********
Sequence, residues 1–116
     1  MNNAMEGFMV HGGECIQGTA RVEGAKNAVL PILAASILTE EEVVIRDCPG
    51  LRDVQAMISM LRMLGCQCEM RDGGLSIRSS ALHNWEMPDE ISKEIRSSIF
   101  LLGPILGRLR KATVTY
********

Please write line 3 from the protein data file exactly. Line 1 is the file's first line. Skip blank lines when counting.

    51  LRDVQAMISM LRMLGCQCEM RDGGLSIRSS ALHNWEMPDE ISKEIRSSIF